When the dough has risen, make the filling: If you are going to bake eggs into the top of the casatiello, cut away about 60 grams (2 ounces) of the dough and set it aside to use as “egg cages.” Roll out the remaining dough into a rectangle that measures approximately 12 × 20 inches. (This can be done on an unfloured surface thanks to the fat content of the dough, which will keep it from sticking.) Using a spatula, spread the lard over the dough. Sprinkle the pepper and Pecorino Romano over the lard. Distribute the salami, ham, provolone, semiaged pecorino, pancetta, and prosciutto over the dough, pressing lightly and leaving a 1-inch border along the edge of the long side of the dough farthest from you.
Starting from the long side closest to you, roll up the dough as tightly as possible without tearing it so you have a 20-inch-long roll. Seal the roll by pinching the seam along its entire length, then pinching closed the open ends, stuffing in any rogue bits of cheese or salami before sealing Grease a Bundt pan.
Fit the roll snugly inside, connecting the ends by pinching them together. Place the 4 hard-boiled eggs (if using) on top of the dough, spacing them an equal distance apart. Gently press them into the dough. Roll the reserved dough into 8 equal strands and fasten them around each egg in the sign of a cross. Press the ends into the top of the casatiello. Cover with a kitchen towel and set aside to rise at room temperature for 1 hour.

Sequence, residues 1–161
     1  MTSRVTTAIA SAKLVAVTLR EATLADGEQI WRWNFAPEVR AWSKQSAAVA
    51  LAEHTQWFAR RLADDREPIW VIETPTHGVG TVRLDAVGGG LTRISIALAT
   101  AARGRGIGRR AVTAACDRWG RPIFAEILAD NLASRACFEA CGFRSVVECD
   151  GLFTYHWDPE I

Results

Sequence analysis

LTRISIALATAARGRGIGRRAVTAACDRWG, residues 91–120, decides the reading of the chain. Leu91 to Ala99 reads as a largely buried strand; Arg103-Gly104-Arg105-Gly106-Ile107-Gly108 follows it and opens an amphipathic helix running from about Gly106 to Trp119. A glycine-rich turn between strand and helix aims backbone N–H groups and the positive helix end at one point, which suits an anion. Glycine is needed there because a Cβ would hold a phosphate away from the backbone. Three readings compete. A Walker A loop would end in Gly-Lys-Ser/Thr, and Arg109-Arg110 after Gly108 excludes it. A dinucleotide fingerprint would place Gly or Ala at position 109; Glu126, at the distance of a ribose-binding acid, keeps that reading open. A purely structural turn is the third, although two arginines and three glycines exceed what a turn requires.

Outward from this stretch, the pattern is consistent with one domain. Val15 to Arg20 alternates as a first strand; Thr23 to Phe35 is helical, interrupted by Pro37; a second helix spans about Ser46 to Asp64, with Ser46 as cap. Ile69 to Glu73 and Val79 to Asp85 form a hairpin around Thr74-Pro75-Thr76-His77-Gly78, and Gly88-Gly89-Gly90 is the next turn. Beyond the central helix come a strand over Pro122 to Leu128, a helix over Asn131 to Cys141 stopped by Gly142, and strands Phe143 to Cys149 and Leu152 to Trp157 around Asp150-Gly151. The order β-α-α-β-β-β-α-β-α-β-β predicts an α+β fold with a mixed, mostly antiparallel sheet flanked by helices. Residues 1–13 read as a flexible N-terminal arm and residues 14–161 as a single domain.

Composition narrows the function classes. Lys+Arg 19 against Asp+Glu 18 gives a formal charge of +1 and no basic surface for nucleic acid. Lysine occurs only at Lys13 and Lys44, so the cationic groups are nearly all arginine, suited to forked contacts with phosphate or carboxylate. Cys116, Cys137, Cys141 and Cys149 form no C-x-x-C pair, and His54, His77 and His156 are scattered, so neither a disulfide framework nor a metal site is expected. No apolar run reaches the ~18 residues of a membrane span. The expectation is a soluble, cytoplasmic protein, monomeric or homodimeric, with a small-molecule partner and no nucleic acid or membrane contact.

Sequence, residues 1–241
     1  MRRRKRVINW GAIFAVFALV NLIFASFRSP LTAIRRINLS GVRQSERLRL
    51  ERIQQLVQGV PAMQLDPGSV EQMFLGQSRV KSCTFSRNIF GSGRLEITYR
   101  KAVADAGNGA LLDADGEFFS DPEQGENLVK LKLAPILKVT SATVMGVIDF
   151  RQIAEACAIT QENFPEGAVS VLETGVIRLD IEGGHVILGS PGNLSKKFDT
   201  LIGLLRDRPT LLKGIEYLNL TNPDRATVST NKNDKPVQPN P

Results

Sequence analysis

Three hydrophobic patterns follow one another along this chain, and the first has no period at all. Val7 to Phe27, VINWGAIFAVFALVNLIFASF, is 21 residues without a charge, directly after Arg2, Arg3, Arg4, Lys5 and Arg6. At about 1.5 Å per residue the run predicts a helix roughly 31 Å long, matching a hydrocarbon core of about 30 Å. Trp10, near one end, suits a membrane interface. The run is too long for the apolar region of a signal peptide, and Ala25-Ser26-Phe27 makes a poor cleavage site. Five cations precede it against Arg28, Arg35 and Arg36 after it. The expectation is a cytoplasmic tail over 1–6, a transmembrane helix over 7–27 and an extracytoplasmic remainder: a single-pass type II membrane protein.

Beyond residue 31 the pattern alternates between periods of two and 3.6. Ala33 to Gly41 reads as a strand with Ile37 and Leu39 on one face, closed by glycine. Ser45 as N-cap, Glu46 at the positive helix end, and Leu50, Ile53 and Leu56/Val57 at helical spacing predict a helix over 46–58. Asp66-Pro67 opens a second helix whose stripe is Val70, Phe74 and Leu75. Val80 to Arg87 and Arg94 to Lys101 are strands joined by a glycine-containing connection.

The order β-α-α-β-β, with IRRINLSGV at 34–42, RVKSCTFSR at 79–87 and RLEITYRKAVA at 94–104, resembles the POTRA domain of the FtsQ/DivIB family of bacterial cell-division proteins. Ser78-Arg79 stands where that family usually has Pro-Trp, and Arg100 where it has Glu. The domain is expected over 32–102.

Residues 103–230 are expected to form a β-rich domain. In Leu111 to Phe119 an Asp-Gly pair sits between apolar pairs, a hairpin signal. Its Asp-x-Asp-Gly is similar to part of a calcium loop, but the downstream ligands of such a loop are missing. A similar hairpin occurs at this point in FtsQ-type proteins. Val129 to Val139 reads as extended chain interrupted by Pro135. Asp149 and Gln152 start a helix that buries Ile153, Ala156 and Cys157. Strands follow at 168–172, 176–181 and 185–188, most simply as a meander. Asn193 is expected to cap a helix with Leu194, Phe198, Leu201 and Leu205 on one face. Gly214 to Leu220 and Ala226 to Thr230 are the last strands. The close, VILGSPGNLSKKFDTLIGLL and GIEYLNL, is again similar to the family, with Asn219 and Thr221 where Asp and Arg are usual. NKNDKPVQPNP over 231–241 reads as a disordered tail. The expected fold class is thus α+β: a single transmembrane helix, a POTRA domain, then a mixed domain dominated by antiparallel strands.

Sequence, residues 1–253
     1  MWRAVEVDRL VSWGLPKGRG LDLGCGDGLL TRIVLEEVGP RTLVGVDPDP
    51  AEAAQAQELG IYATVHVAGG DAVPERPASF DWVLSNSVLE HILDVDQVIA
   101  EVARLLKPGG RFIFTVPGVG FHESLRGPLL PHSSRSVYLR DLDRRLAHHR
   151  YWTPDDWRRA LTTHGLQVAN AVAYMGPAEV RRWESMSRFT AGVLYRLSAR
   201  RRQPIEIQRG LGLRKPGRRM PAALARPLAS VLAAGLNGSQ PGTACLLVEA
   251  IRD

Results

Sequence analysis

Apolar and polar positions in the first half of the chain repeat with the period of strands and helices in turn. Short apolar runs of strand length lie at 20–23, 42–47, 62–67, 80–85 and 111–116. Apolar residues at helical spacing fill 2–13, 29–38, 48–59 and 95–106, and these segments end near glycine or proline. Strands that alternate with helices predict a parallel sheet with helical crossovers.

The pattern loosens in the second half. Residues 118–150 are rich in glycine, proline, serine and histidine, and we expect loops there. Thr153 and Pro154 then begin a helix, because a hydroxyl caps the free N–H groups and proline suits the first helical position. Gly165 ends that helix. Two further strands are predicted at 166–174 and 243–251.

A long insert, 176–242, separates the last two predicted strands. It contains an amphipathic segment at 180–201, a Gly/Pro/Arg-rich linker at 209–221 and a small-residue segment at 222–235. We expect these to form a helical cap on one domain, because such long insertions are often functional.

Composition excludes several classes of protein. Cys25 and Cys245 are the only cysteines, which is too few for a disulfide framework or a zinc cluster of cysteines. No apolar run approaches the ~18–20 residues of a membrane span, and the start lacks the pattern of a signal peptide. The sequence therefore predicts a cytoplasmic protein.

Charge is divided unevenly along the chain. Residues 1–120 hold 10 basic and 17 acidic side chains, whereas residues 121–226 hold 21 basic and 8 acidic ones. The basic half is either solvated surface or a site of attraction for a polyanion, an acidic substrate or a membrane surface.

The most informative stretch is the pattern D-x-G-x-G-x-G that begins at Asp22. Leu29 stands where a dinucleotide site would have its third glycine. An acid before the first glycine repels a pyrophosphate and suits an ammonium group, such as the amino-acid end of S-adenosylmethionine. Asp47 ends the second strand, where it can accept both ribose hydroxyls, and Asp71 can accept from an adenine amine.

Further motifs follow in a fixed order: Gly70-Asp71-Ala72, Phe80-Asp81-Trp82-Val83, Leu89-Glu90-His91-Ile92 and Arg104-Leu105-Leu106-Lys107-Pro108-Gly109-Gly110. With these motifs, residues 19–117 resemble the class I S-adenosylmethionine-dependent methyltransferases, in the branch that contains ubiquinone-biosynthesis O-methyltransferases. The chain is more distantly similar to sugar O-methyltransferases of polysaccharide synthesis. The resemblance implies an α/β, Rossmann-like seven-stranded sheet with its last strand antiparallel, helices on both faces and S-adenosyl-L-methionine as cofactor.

Preheat the oven to 350°F.
Brush the egg over the dough and bake until the casatiello starts to brown, about 1 hour. If it darkens too quickly, cover with aluminum foil for the remaining baking time.
Remove the casatiello from the oven and set aside to cool for 1 hour before unmolding. Unmold and allow the casatiello to rest on a wire rack for 2 hours and up to 18 hours before slicing. Serve at room temperature or lightly toasted.
Katie Parla moved to Rome in 2003 after graduating from Yale. She holds a sommelier certificate and a master’s degree in Italian gastronomic culture. She writes about Roman food and beverage culture, and has contributed to and edited many travel guides. She often appears as a Rome expert on the History Channel and the university lecture circuit.
Her book Food of the Italian South includes 85 authentic recipes and 100 stunning photographs that capture the cultural and cooking traditions of the Italian South, from the mountains to the coast. Katie Parla shares rich recipes, both original and reimagined, along with historical and cultural insights that encapsulate the miles of rugged beaches, sheep-dotted mountains, meditatively quiet towns, and, most important, culinary traditions unique to this precious piece of Italy.